Sorry, But It’s Impossible to Solve Security

4 Reasons Why Cyber Security and Mobile Security Will Remain A Constant

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It is normal that when confronted by a problem, our immediate reaction is to find a solution. However, I was struck by a statement in a recent Kindle book by Phillip Ferraro (July 2016, $7.61) titled Cyber Security: Everything an Executive Needs to Know:

“How do we solve cyber security?” The answer is that cyber security is not a solvable type of issue. It is an ongoing and ever evolving business process. We want our businesses to be as innovative and progressive as possible. We want to provide as much convenience as we can for our customers, as well as our employees. Great advances in technology and science are allowing us to accomplish these things as we incorporate these new technologies. However, with these new technologies come new vulnerabilities along with new attack vectors by criminals. To stay ahead of the attackers is a constant and ongoing battle. For this reason, cyber security must be on the agenda of every board meeting.

Ferraro is an experienced CISO (chief information security officer) who knows what he is talking about. He has worked on security in the federal government, in the Department of Defense, the intelligence community, and the Federal Communications Commission, and has won many awards and accolades for his work.

Cyber Security- Everything Executive Needs

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There are at least four reasons why computer security (and by extension mobile security) is not a solvable issue:

Constant Change

First, as noted above, we live in a state of constant change. Constant change means that it is impossible to maintain fixed standards. And change is happening so fast that it is impossible for one person to be in charge of security and hope to keep up with this change. It is a team effort, and if possible, needs to involve every employee.


Second, in spite of best efforts at testing and quality control, new software always has bugs, some of which don’t show up until months or years after a program has been released. It’s just the nature of the beast. With bugs come opportunities for unethical hackers to find weaknesses in a program.


Third, computer hardware and software is complex, with millions of interconnections in play. One of the characteristics of complex systems is the emergence of the unexpected, phenomena that could not have been predicted, but will show up as surprises. These surprises are also possible vulnerabilities that were not foreseen.


Fourth, those people who want to do harm to a business, or a country, are often very creative individuals themselves, and have access to the latest high-speed technologies which they use to probe for vulnerabilities they can exploit. According to Mark Ward, BBC’s Technology Analyst, “Every day, come rain or shine, [hackers] crank out about 250,000 novel variants of viruses.”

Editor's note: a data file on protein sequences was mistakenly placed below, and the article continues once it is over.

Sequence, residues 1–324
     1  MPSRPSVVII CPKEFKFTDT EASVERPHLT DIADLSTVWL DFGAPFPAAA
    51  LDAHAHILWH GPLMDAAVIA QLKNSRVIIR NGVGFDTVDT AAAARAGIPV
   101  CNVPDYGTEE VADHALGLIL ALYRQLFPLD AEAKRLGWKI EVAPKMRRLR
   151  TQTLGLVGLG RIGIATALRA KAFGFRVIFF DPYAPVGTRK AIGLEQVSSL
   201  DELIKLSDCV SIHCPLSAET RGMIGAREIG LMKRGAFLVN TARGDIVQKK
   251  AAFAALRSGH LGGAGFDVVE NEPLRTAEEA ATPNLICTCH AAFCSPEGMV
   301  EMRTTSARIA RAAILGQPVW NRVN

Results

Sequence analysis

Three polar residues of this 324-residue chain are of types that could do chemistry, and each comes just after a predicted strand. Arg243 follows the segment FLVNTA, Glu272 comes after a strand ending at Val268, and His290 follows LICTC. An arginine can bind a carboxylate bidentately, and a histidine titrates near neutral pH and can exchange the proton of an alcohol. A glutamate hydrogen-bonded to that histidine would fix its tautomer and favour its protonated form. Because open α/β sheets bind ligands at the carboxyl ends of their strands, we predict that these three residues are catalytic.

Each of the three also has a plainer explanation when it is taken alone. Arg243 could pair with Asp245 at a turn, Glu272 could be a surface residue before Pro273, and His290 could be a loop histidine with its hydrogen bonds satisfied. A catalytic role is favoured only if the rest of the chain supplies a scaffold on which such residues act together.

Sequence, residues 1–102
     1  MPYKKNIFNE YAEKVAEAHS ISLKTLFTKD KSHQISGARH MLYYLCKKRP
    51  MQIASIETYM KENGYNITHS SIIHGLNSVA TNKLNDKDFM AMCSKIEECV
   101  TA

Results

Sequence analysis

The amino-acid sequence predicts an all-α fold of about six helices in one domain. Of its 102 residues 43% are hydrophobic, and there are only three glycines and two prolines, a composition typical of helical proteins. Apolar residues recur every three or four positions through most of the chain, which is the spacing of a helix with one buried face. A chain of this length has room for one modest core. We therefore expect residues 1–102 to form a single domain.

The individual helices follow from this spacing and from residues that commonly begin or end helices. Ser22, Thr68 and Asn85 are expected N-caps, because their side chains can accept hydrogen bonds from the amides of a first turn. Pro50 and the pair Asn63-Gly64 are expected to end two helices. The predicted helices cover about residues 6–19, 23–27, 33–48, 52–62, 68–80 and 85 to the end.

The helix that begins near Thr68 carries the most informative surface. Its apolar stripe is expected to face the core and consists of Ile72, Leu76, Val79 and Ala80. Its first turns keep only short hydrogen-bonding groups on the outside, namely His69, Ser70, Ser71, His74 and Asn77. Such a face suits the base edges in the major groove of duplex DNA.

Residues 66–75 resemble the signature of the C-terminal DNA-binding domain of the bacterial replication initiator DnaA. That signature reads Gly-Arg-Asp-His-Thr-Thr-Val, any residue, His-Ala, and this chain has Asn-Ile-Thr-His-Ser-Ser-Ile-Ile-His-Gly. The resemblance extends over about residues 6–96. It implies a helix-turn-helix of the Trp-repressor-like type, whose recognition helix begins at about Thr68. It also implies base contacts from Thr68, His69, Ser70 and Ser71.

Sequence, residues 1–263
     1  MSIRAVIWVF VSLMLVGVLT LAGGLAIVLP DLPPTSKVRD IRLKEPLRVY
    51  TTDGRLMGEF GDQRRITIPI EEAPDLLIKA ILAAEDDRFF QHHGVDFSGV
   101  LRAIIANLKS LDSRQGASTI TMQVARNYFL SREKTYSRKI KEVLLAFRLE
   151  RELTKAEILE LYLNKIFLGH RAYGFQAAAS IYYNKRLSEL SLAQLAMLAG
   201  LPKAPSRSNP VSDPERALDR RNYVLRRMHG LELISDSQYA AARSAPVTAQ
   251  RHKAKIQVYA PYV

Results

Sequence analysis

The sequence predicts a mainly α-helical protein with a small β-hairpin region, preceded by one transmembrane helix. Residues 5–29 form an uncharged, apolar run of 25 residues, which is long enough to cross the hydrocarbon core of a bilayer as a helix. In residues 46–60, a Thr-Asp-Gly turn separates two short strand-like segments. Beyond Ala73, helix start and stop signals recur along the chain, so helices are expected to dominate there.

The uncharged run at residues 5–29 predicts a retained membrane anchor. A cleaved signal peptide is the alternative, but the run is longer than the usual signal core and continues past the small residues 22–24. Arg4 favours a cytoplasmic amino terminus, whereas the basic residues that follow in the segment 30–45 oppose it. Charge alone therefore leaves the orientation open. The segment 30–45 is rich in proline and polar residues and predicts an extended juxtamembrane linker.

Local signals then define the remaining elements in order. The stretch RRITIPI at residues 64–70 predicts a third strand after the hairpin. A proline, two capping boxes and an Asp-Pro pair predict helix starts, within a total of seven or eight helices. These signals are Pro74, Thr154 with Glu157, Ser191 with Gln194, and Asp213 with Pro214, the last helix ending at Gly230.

Learn more about how to mitigate your risk in our latest e-book on mobile security.

Given all of these factors, it is impossible to once and forever solve security. Instead, CIOs and CISOs must have “dedicated resources to developing a rock solid cyber security program that will make your company a hard target.” All companies must have the basics of security, of course, such as difficult passwords, encryption, firewalls, and virus scanners. But, most competent hackers can break through those standard measures. Other steps include segmenting company networks, and making it much more difficult for hackers to find encryption keys. Given that most companies will get hacked at one time or another, speedy detection and removal of intruders is just as important as absolutely keeping them out.

Mobile security is one element of general computer and information security, but it is becoming increasingly the new focus of hackers because of the ease with which users share information about themselves and where they work, and the tendency to mix work and personal applications on mobile devices.

Start with an assessment of the mobile risks your company faces by requesting a demo of Float’s new Security Assistant app.

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Gary Woodill is a senior analyst with Float, as well as CEO of i5 Research. Gary conducts research and market analyses, as well as assessments and forecasting for emerging technologies. Gary is the co-editor of "Mastering Mobile Learning," author of “The Mobile Learning Edge,” and the co-author of “Training and Collaboration with Virtual Worlds.” He also presents at conferences and is the author of numerous articles and research reports on emerging learning technologies. Gary holds a doctor of education degree from the University of Toronto.

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On August 24, 2016
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